Yesterday’s debate in the House Appropriations Committee regarding tax-exemptions for natural gas producers points us again to the fact that the business tax policies in the state of Texas are unjust and unfair. The Texas Tribune points out that the exemption, though intended to provide relief for high-cost drilling, was enjoyed by companies whose drilling costs were as low as $24,000.
When we begin to view tax as payment for local and state government services rather than as punishment, we’ll perhaps begin to craft tax policy that is fair and just. As Cunningham points out in Eliminating the Property Tax in Texas, A Detailed Fiscal Analysis, taxes at levels sufficient to met public need represent a necessary but not sufficient condition to good government. The system through which government extracts revenue from the Texas economy, he says, should be selected for its efficiency of administration, simplicity of compliance, breadth of coverage and NEUTRALITY OF EFFECT ON ECONOMIC DECISION MAKING and allocation of resources. The current system in Texas falls short on almost all of these points.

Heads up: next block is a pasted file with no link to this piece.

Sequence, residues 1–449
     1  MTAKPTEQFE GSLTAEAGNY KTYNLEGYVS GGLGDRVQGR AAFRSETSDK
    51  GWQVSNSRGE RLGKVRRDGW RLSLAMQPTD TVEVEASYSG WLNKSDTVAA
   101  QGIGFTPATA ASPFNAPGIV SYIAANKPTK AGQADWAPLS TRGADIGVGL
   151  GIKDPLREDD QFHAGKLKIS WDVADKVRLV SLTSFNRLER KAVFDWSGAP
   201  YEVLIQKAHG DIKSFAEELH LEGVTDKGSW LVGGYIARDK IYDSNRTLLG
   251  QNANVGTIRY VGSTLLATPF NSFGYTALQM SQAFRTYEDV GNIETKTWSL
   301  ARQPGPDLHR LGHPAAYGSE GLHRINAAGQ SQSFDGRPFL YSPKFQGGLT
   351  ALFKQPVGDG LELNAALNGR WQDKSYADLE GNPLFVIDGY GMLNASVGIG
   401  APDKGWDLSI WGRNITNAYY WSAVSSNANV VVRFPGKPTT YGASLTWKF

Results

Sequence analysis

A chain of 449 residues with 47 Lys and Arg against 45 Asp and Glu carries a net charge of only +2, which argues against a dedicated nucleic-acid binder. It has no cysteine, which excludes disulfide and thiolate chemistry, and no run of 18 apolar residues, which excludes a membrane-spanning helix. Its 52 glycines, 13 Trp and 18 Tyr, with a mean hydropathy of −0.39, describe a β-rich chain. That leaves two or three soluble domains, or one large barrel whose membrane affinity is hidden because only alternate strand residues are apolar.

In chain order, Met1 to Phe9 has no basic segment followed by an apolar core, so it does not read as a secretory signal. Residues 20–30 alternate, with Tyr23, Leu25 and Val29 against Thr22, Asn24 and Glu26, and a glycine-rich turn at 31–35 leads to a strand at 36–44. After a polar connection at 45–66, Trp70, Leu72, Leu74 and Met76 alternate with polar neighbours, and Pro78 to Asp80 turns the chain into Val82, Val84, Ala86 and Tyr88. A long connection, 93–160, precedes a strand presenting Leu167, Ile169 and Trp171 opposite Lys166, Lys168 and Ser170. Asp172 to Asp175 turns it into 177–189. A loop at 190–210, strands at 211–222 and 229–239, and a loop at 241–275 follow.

Cunningham continues, “All other things being equal, a system that creates a more favorable climate for private sector job creation and growth, that renders government more transparent and more accountable to its citizens and that preserves and promotes fundamental liberty interests should be preferred over any other.” We couldn’t agree more.
It’s time for a Fair Tax for business in Texas.